Vivian Selenikas, right, sits with Long Island City High School principal Maria Mamo-Vacacela, left, at the school's closure hearing. Last week, hundreds of parents, teachers, and students crowded Long Island City High School's auditorium for a hearing about the school's planned "turnaround." On Tuesday evening, just a dozen parents attended a meeting to hear directly from the Department of Education's latest pick to run the revamped school. Gathered in the school's band room, they learned that Vivian Selenikas, the proposed school leader, speaks four languages (English, Spanish, Greek and Italian. They found that she started her career in the 1980s as a Spanish teacher at Richmond Hill High School, another school on the turnaround list. And they learned that she believes careful curriculum planning will lift Long Island City out of a slump of low attendance (the rate last year was 80 percent) and poor city progress report grades. They also learned that Selenikas is not afraid to stand up and cha-cha. When the school's cheerleading coach led parents through impromptu dance exercises at the end of the Parent Association meeting, Selenikas joined in. As a Queens network leader, Selenikas is no stranger to the large high school on Broadway, which required help from her and other Department of Education officials last year to resolve massive scheduling problems. "It's important that someone who knew the community and knew the needs of this neighborhood helped to move the school forward, should the decision be made that Long Island City will no longer be Long Island City," she said. But many parents say they are worried that the city is not planning adequately for turnaround. Some say they are wary of the abrupt leadership change, which would be the third in less than four years. The current principal, Maria Mamo-Vacacela, came under fire last year for overhauling most students' schedules two months into the academic year.
April 20, 2012
Shuang Wen School inquiry reveals deep "dishonest behavior"
A parent stands in front of the Cherry Street entrance to the Lower East Side's Shuang Wen elementary school. A sprawling investigation into the leadership of a controversial dual-language school in Chinatown concluded that the school's principal had falsified attendance data and accepted money from a non-profit hired to administer after school language lessons. The Department of Education will move to fire Ling Ling Chou, who was removed from the school in September while as many as 16 different investigations were underway. According to the report, she frequently faked numbers when reporting information about the school to the city and the United States Department of Education, including student attendance records and the length of the school day. The report does not conflict with a different report released last year by the special commissioner of investigations, which found that Chou and other staffers committed multiple improprieties, but did not outright steal public money. "For years, Principal Chou engaged in dishonest behavior, unbeknownst to her students and school community," said Chancellor Dennis Walcott in a statement. "Principal Chou’s conduct has failed to meet the standard we set for our principals, and I am filing charges to terminate her employment.” Shuang Wen consistently boasts some of the strongest test scores in the city, but divisions between the staff and parents at the Lower East Side school have led to numerous allegations of and investigations into misconduct.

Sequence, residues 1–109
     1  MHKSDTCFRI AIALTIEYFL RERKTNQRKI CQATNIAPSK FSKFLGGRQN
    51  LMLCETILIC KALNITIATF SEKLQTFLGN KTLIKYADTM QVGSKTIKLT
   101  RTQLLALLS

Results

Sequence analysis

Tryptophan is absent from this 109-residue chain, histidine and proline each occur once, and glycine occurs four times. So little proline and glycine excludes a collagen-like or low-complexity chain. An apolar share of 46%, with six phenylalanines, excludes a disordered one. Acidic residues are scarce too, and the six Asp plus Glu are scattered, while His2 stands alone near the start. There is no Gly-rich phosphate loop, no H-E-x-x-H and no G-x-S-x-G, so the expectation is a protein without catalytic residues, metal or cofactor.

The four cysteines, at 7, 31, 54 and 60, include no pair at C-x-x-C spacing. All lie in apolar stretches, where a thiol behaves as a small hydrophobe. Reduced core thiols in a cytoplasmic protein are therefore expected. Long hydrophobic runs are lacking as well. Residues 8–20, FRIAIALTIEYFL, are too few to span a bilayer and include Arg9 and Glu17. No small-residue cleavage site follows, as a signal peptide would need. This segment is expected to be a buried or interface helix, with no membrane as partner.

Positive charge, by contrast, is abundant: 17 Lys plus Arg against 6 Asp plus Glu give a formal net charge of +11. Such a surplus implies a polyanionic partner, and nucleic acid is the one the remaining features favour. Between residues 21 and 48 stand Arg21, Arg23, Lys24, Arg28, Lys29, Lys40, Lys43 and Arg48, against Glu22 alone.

April 5, 2012
Details emerging about turnaround schools' leadership, hiring
More details are emerging about how "turnaround" is proceeding at 26 schools still slated to undergo the controversial overhaul process. For a month, the department has been informing principals of some of the schools that they would be removed at the end of the school year or even sooner. Now their replacements are making their first appearances at the schools, and teachers are starting to learn about the schedule for the rehiring process that could cost up to half of them their positions. Teachers at Newtown High School found out this week that their longtime principal, John Ficalora, would be replaced by Marisol Bradbury. Bradbury has been working in school support at the Department of Education for the last several years but led a small high school in Brooklyn, Bedford-Stuyvesant Preparatory High School, before that. A proposed principal for the school that would replace Long Island City High School toured the building yesterday with the superintendent, according to teachers there. The city's choice to take over is Vivian Selenikas, Long Island City's current network leader. Selenikas led the High School for Arts and Business in Queens from 2003 to 2007 and will replace Maria Mamo-Vacacela, who does not actually have to be removed under turnaround rules. And at Flushing High School, teachers and families have been invited to a "meet and greet" with Magdalen Radovich on April 25, the day before the Panel for Educational Policy is set to vote on the turnaround plans. Radovich is currently an assistant principal at Queens Vocational Career and Technical High School. The city decided not use turnaround at Queens Vocational, where a residency program has been training teachers to work in turnaround schools.